But the soothing words of the newspaper did no good. On the day after Governor Markham gave his speech on the glories of California, Los Angeles investors developed an irrational, almost unexplainable, fear that their local banks were running out of gold coin. No one event triggered the panic, but all of a sudden hundreds of people became convinced they might lose their savings unless they immediately withdrew their money from the town’s vaults.
They rushed in frenzy toward the junction of Temple, Spring, and Main streets, home to most of the city’s financial institutions. They surged into the banks, desperate to hold their cash and make sure it was safe. The First National Bank had recently installed a curved mahogany counter that let tellers serve several customers at a time. What had seemed like a business innovation in good times was a detriment now, as the clerks doled out pile after pile of $20 gold pieces at a rate that threatened to deplete the bank’s money supply.
Nearby, so many worried depositors had swarmed the City Bank that its president posted a sign saying it would “temporarily suspend” paying depositors. An hour later, the University Bank drew curtains across its windows and posted a notice: “Bank closed. Depositors will be paid in full.”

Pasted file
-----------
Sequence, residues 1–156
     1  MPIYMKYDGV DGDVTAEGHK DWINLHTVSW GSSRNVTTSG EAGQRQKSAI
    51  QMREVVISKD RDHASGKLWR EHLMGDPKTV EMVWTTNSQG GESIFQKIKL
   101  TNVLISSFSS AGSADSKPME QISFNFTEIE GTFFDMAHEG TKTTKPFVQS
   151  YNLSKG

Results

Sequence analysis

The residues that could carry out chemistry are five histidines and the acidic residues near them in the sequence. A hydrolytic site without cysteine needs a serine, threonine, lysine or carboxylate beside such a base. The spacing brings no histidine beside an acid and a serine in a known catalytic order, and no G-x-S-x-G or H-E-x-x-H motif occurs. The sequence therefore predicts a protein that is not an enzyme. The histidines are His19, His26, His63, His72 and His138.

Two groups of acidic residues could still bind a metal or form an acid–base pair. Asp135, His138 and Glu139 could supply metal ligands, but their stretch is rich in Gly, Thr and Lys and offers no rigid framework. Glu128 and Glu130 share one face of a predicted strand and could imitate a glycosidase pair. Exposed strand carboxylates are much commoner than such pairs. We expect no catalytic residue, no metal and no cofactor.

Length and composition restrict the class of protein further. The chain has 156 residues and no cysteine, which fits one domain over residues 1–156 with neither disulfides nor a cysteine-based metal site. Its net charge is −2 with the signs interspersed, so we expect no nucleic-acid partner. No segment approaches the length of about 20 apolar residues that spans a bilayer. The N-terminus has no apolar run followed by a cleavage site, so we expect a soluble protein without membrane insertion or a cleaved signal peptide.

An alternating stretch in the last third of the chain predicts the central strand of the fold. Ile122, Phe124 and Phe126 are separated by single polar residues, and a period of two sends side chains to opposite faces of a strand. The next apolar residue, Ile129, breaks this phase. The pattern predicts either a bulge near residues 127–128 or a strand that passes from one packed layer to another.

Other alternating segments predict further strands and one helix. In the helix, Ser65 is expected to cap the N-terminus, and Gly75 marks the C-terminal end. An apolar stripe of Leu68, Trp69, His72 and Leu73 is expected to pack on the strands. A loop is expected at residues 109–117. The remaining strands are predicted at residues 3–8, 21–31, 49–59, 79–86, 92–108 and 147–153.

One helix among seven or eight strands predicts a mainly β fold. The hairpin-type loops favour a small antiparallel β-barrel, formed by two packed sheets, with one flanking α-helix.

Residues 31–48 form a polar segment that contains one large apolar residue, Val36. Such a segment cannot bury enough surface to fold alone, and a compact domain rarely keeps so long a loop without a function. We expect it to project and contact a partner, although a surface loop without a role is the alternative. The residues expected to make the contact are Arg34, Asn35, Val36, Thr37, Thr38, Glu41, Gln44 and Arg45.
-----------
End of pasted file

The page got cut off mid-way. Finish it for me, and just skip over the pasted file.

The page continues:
By dawn the next day, scores of men in dark suits and bowler hats and women in mutton-sleeve dresses were lined up along Main Street, jostling one another as they tightly clutched their bank books and watched for signs that the banks would open. Within a few hours the crowd was so thick there was no room to walk on the sidewalk. Blue-suited police officers herded clusters of people against a bank building, where many peered anxiously through the arched windows to see if there was any activity inside. The clock on the wall of the nearby Nadeau Building tolled ten o’clock, but the banks remained ominously closed.
It seemed like most of Los Angeles’s fifty thousand residents had come to the financial district either to withdraw their life savings or to gawk at desperate faces. “It was not the usual morning-go-to-work crowd, but a strange race of people who seemed to have taken possession of the city,” one paper commented.